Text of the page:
Table of Contents
What is Cholesterol?
Cholesterol is essential to the human body. Cholesterol is present in cell membranes that border every cell. If there is no cholesterol in the body, T-cells (a type of white blood cells) would not be able to maintain their cell membranes, and the cells would rupture.
Cholesterol is also integral in manufacturing sex hormones like testosterone and progesterone. The skin needs cholesterol to manufacture vitamin D, which allows the body to handle calcium and maintain bone density. In the digestive system, cholesterol forms bile acids and breaks down fats in the stomach to be absorbed into the body. As you can see, cholesterol has numerous jobs in the body. So why does the word “cholesterol” often have a negative connotation?
Within the body, there is “good” and “bad” cholesterol. Most of us associate cholesterol with the bad version, but we need good cholesterol as well. High cholesterol can pose several dangers to the body if it gets out of control. As American obesity rates increase, so do high cholesterol levels. Because of this, there are several medications available to assist in lowering cholesterol, including Zocor (simvastatin), Lipitor (atorvastatin), Crestor (rosuvastatin), and Zetia (ezetimibe). Read on to learn more about cholesterol and risk factors for high cholesterol. 
Your cholesterol levels are closely related to the health of your heart and cardiovascular system. High-density lipoprotein (HDL) is referred to as the “good” cholesterol and helps remove unhealthy forms of cholesterol from the bloodstream. When your cholesterol is in a healthy range, it carries cholesterol particles back to the liver and flushes them out from the body. If you have good levels of HDL, you are at a lower risk of developing heart disease.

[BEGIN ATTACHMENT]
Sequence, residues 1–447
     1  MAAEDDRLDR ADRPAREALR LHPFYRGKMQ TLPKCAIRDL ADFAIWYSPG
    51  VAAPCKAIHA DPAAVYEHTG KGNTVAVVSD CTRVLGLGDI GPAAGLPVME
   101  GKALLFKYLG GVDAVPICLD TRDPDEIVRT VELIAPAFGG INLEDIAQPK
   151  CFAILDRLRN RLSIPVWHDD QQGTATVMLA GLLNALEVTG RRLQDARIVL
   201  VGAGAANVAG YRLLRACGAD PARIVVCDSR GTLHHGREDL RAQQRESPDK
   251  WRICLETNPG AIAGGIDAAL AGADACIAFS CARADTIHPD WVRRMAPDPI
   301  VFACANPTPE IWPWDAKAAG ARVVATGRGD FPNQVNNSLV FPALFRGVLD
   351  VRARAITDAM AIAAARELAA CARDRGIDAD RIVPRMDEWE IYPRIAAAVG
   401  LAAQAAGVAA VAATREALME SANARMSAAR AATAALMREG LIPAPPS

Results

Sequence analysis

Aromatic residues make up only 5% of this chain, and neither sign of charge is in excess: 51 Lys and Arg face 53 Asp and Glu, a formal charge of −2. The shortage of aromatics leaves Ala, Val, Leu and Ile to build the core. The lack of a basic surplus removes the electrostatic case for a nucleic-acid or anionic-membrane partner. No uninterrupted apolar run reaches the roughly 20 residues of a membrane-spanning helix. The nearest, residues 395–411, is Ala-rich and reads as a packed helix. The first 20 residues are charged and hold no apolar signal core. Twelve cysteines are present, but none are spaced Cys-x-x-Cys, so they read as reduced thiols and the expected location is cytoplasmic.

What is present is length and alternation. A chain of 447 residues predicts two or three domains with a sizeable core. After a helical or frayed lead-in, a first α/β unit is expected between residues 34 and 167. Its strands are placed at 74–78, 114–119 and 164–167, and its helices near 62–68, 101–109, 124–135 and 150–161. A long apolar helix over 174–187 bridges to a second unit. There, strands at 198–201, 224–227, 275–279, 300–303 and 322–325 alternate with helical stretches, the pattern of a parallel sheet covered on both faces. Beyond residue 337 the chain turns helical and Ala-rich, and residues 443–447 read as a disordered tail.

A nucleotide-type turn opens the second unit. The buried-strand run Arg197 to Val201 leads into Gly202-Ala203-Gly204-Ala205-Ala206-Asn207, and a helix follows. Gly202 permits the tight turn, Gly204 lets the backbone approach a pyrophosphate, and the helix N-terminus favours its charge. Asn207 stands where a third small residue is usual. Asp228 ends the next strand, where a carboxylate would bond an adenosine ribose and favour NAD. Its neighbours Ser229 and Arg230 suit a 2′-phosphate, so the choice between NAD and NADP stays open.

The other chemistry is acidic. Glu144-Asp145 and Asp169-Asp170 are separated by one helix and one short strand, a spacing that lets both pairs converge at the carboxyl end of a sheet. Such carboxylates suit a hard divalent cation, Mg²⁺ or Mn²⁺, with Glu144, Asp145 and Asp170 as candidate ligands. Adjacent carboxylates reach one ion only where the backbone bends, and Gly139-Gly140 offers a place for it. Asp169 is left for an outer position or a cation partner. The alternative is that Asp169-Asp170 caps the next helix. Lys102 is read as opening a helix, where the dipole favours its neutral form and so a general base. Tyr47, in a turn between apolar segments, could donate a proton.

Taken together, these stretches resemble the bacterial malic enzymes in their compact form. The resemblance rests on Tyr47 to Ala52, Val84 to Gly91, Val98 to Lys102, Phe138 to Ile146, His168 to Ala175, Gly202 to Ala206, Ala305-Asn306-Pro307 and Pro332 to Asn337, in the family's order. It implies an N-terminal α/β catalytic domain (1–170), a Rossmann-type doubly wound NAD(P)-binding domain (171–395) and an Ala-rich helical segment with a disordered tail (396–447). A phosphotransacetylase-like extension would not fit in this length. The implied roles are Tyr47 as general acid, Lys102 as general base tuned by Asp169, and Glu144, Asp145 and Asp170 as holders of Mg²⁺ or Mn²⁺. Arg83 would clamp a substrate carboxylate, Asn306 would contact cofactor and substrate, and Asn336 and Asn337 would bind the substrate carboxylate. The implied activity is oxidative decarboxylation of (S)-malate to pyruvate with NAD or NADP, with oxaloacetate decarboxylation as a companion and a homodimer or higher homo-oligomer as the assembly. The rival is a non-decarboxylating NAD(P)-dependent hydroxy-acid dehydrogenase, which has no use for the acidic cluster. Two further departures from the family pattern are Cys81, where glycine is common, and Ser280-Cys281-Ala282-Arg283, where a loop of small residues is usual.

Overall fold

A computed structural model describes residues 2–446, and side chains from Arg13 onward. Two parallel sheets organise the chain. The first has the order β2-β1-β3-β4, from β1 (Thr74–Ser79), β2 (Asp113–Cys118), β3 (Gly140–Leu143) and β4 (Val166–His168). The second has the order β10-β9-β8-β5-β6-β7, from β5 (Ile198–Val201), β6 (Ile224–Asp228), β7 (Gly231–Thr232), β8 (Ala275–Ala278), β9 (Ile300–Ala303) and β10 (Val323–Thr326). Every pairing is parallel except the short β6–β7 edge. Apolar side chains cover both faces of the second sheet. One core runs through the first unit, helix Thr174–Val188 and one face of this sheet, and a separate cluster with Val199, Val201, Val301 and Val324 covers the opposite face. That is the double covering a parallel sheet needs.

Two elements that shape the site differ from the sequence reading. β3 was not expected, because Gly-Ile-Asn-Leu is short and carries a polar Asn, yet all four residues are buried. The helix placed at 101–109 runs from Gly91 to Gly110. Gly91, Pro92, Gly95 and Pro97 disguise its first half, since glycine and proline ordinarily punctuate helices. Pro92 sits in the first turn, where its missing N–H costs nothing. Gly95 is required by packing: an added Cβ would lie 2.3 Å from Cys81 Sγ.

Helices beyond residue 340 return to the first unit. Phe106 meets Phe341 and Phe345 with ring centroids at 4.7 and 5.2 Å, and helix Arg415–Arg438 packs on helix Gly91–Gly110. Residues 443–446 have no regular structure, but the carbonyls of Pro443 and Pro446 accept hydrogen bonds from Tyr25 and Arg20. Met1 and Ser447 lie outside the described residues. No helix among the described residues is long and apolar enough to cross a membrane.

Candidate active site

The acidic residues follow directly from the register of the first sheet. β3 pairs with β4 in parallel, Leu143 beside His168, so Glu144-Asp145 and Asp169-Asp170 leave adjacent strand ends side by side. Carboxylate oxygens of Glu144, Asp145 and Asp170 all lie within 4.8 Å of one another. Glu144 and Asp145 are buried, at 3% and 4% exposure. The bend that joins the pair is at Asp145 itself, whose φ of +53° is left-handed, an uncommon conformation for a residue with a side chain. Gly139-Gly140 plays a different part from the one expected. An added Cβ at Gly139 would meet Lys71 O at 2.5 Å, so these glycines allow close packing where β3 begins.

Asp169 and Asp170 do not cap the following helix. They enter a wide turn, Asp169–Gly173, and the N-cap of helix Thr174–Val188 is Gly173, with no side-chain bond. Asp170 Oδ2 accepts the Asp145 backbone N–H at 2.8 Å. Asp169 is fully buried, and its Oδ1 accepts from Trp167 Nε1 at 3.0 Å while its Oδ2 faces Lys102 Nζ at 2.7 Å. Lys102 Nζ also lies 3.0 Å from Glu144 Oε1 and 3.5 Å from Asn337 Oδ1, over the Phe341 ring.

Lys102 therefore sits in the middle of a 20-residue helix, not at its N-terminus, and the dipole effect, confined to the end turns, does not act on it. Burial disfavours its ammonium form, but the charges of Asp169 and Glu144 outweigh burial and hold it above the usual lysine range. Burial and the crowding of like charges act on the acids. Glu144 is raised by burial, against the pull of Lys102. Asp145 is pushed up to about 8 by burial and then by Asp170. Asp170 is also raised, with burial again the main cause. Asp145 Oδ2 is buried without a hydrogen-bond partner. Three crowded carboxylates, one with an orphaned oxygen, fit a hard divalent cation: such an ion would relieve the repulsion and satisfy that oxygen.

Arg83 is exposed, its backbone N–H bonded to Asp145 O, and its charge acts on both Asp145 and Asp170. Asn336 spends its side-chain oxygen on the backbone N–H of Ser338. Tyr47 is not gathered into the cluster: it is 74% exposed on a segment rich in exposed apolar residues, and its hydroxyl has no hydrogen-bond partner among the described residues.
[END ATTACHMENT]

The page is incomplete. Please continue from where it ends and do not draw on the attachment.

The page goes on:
High cholesterol can only be identified through a blood test. The results of this test are measured in milligrams (mg) of cholesterol per deciliter (dL) of blood. Unlike other medical tests, the higher your cholesterol number, the better. For both men and women, a healthy cholesterol level is 60 mg/dL or above. Men are at risk for high cholesterol and its accompanying conditions if they have a reading of less than 40 mg/dL. This number is 50 mg/dL for women. 
Low-density lipoprotein (LDL) is a tiny blob made of a lipoprotein outer rim with a cholesterol center. LDL is considered “bad” because it collects in the walls of the blood vessels over time. Increased cholesterol accumulation in the blood vessels greatly increases your risk of heart attack or stroke.
A cholesterol test also measures triglycerides, a type of fat that stores extra energy from your diet. As an adult, doctors recommend getting your cholesterol tested every four to six years. If you already have heart disease, diabetes, or a family history of high cholesterol, you will likely want more frequent testing. 
Does High Cholesterol have Symptoms?
In most cases, high cholesterol does not present any symptoms. Only when levels are incredibly high will symptoms make themselves known. Once symptoms are present, it is likely that there is already plaque formation in the arteries. Plaque in the arteries inhibits blood from reaching its destination, which can lead to serious complications.